Archive for October 14, 2009

Is CS or Computing a discipline?

Andy Bernat writes:  “A recurring theme at this meeting was the concern that the European scientific research community still does not fully appreciate computing as an intellectually vibrant research discipline in its own right; instead the field is often viewed as an enabler of research in other disciplines.”

via Computing Community Consortium, “A View from the 2009 European Computer Science Summit

October 14, 2009 at 4:05 pm 2 comments

What’s worse: Boredom or failure?

I’m continuing to dig into the literature on design of instruction, informed by cognitive load theory and worked examples research.  One of the analyses that these researchers often perform is to split the subject pool by performance on a pre-test, then look at how the high-scoring (sometimes called “high-ability” and sometimes just called “more knowledge” group) students compared to the low-scoring students.  A good example is Mimi Recker and Pete Pirolli’s paper teaching recursion using a worked example approach.

The results are fairly predictable.  High-ability students tend to prefer more bells-and-whistles, more flexibility, more learner control.  Low-ability students don’t do as well with all the bells-and-whistles, and sometimes just downright fail.  We just read a paper in educational technology this last week about how highly-flexible simulations simply frustrate low-ability students, and another paper about how interesting dynamic visualizations actually impeded learning in the low-ability students. On the other hand, in the less sophisticated, more directed instruction, high-ability students are bored — but importantly, everyone learns.  High-ability students do learn when bored.

As an instructional designer, how do you choose?  Lots of people say, “Don’t choose! Give students a choice!”  I tried that in Emile — low-ability students often choose the environment that they are worse at.  Metacognition is hard.  And it’s really hard for the designer to build in such flexibility.  Thus, designers typically have to choose: Do you bore your best students?  Or do you fail more students?  What’s particularly hard is that this burden is falling on different students — you’re comparing boredom of one group with failure of another.

Of course, squelching student creativity is an awful thing.  It’s also an awful thing to live out life as a high-school or college drop-out.  I think it’s particularly hard because we as teachers (at high-school or college) tend to empathize more with the best students.  We were good students, or we wouldn’t be here now.  We remember what it was like to be bored, to feel like your imagination was being leached away by mindless activity.  We may not have had that experience of flunking out of activities that the smart kids did well at, while we were frustrated and deciding to give up.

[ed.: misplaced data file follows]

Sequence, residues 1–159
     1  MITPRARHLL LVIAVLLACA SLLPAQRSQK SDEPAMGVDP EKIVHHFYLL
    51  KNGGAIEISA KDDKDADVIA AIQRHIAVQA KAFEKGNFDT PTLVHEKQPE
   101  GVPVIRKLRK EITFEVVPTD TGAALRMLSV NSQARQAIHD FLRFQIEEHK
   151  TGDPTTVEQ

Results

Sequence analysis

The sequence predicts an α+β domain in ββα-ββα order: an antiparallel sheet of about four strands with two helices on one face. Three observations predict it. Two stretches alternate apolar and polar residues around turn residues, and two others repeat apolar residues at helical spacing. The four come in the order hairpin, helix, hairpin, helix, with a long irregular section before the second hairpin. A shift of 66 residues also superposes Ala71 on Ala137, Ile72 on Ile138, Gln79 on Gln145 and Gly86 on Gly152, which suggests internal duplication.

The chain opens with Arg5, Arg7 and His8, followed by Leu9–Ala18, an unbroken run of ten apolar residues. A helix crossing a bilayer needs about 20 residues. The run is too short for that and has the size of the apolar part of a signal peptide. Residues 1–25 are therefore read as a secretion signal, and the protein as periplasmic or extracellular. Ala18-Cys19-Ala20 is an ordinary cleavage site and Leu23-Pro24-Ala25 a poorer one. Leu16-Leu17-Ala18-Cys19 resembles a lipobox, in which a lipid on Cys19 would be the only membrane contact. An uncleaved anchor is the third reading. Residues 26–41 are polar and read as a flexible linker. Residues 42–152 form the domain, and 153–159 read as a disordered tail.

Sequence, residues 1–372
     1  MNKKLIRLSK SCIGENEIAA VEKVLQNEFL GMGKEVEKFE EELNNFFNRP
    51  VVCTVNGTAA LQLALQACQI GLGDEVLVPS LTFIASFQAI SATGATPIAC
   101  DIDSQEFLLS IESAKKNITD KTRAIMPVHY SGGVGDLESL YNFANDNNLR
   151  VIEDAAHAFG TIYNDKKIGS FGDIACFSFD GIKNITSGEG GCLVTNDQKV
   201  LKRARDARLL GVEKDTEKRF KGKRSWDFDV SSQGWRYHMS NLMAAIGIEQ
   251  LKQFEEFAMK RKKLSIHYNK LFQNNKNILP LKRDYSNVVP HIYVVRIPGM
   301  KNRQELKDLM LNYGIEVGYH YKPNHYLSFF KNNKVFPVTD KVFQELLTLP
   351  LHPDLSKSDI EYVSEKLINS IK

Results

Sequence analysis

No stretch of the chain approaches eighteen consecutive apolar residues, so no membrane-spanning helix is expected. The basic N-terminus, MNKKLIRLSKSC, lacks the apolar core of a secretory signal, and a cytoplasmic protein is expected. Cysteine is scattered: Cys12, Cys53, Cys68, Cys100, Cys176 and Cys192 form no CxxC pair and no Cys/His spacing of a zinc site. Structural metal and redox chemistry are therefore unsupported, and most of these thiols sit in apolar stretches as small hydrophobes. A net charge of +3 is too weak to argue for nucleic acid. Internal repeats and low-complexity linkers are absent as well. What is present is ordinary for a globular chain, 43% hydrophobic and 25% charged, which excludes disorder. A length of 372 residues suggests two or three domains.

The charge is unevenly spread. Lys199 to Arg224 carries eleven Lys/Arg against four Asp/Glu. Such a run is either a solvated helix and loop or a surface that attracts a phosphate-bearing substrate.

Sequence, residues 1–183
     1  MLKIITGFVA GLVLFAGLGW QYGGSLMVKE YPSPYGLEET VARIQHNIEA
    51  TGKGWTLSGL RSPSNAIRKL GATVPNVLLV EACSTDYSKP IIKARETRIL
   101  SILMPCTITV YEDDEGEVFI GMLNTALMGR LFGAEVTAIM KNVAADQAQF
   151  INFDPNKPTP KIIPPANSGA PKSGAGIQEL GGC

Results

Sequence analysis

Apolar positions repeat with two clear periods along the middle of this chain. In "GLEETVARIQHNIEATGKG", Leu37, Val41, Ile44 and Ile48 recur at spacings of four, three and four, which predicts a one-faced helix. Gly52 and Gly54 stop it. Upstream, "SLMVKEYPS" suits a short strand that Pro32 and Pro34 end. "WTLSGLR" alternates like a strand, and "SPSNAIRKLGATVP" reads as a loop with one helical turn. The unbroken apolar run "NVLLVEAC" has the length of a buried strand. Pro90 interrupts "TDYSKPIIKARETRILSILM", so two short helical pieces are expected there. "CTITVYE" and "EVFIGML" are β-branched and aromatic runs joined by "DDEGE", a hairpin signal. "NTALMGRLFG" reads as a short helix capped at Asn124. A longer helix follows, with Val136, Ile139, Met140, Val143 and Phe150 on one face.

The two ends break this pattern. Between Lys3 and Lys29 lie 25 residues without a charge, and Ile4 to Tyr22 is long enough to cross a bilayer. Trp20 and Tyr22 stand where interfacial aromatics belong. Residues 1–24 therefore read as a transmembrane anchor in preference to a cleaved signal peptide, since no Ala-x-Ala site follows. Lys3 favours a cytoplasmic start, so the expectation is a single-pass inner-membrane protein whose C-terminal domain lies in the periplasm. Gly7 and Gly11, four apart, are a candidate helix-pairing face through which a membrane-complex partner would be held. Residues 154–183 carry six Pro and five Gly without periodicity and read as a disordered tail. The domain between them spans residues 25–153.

What’s better for society, if we were to choose all-discovery (for high-ability) or all-structured (for low-ability)? Choose highly structured instruction, and you bore some students (but still teach them), and decrease your number of drop-outs.  Choose open-ended, exploratory instruction, and you increase the number of drop-outs, but perhaps (it’s a gamble) dramatically inspire your high-ability students and they become great scientists and inventors.  Both are tough choices, somewhat like Pascal’s argument for the belief in God.  What helps society more, to be pretty sure that you’ll have fewer people on the dole, or to have a chance at more great discoveries and inventions?

October 14, 2009 at 10:43 am 13 comments

Computer Science is not Engineering (and it is, too)

Beki Grinter has just written a couple of nice blog posts on a theme that we’ve touched on here, too: What is computer science?  Lots of people are asking this question in various forms. Peter Denning has been answering this question in his CACM column, in December’s Computing’s Paradigm and in September’s Computing: The Fourth Great Domain of Science. I just finished doing my meta-reviewing (50 papers!) for SIGCSE 2010, and I can’t tell you how many people are devising definitions of “computer science” or “computational thinking” these days.

Beki’s posts are particularly striking because it’s very personal for her.  If I described her to you as, “a PhD in CS, who worked at Xerox PARC and Bell Labs,” you’d most likely see her as a “computer scientist.”  Yet, when some people see her publications about things like how mega-churches use technology and about how people use iTunes’ publicly shared playlists to influence others’ perception of them, they have their doubts.

Why?  Does computing have to be about building things?  Can’t it be about analysis and understanding — even of humans in their interactions with computing, not computers?  Of course, there are computer scientists who are engineers!  There are also computer scientists who use their knowledge of computing to learn about something more.

If what Beki does is not “computer science,” then could someone please pull up a new wagon with a new name on it?  I’ll also be ready to get off this one and find a new one.  Because if computer science is just engineering, just inward looking at the machine, and the careful, rigorous, interesting study of everything else associated with computing informed by deep knowledge of computing is “some other field,” then please sign me up for that new field.  Because that’s where the important, world-changing insights are going to come from, and that’s where I want to work.

October 14, 2009 at 10:22 am 1 comment


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